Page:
Lawsuit alleges discrimination against pregnant, breastfeeding AC Transit employees

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More women have joined the class action lawsuit alleging discrimination against pregnant and breastfeeding AC Transit employees.

There are now four AC Transit employees who say the transportation agency discriminates and fails to accommodate pregnant women who work for them.

Nikki McNaulty is one of four women now listed in a class action lawsuit alleging pregnancy discrimination and failure to accommodate lactation needs for working mothers.

McNaulty says there is a room she was told she could use to pump breast milk when she returned to work after her first pregnancy in 2016 — an old closet she describes as dirty and that had no privacy.

“I still continue to work with AC Transit but I am no longer a bus operator, I’m a clerk because that’s the only way with expanding my family I am able to pump without being harassed,” McNaulty said.

McNaulty left her job as a bus driver and now gets paid less as an AC Transit clerk — all so that she can pump. Jada Edward still drives but says it’s not easy.

“I feel like they should have some type of policy implemented for women that’s expecting to have a baby. They make it difficult for you,” Edward said.

Edward joined the suit after she fell asleep at the wheel and crashed her bus while pregnant. She says she asked for lighter desk work prior to the accident but was not accommodated.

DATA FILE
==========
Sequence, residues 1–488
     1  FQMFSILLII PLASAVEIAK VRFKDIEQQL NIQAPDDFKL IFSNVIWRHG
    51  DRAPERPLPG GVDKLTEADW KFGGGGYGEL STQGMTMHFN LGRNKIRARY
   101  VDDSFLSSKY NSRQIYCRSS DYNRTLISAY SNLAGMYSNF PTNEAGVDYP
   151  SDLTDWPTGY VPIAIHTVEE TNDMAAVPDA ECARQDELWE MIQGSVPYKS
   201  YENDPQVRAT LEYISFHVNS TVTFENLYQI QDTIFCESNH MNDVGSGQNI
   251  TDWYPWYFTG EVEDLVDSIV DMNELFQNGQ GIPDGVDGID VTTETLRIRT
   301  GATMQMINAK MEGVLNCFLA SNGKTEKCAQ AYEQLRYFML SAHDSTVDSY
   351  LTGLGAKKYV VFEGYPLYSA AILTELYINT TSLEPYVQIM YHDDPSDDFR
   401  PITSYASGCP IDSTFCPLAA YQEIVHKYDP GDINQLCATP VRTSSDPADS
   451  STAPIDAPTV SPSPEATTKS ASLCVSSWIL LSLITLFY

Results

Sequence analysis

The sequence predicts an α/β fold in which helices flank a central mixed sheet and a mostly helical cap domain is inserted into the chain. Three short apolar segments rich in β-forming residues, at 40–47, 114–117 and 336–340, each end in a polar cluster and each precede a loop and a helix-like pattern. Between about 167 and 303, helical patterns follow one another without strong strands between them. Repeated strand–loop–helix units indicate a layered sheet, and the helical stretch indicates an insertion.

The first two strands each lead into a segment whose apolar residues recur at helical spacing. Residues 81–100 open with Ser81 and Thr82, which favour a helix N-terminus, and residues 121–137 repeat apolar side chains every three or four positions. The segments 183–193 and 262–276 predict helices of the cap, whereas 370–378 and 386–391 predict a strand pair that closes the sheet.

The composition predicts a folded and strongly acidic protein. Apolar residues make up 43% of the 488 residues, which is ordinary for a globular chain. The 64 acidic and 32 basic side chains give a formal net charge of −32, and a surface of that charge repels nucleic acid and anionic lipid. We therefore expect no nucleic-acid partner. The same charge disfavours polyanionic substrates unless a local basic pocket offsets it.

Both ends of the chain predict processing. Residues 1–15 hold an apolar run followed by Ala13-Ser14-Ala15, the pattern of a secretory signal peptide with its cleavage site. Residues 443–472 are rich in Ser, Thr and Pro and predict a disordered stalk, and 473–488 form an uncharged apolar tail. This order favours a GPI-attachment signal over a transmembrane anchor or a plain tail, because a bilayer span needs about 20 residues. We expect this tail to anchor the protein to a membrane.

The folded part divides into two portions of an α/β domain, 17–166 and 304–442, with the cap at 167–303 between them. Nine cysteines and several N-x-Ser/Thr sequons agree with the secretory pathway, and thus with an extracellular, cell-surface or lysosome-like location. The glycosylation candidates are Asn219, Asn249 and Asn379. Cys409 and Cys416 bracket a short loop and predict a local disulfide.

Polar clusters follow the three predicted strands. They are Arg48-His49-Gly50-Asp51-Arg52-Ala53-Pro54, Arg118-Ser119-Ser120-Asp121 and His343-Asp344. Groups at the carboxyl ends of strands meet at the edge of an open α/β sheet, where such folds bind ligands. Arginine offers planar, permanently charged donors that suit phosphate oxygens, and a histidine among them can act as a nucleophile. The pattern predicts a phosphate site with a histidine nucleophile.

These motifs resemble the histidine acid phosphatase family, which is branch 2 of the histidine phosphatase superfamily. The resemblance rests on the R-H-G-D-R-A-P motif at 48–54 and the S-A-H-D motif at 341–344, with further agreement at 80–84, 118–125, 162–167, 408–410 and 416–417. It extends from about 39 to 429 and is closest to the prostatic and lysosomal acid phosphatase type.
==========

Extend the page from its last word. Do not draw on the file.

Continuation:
“I had not just me and my baby’s life at stake but the public,” Edward said.

So far, four women in total allege that AC Transit refused to accommodate their pregnancy or lactation needs and that they are in violation of their legal rights.

AC Transit told KRON4 that they work with new mothers and value the importance of women in the workforce, and that “it is important to note, modifications of duties can present logistical challenges given the nature of public transit. however, ac transit adopts an individual process that takes into account accommodation options for each new mom and her newborn throughout the first year of life.”

But some of their employees say they continue to have trouble at work.

“They leave it to where you are put into a position where you have to pick and choose your family. They do not accommodate us working mothers while we are pregnant nor when we return back to work,” McNaulty said.

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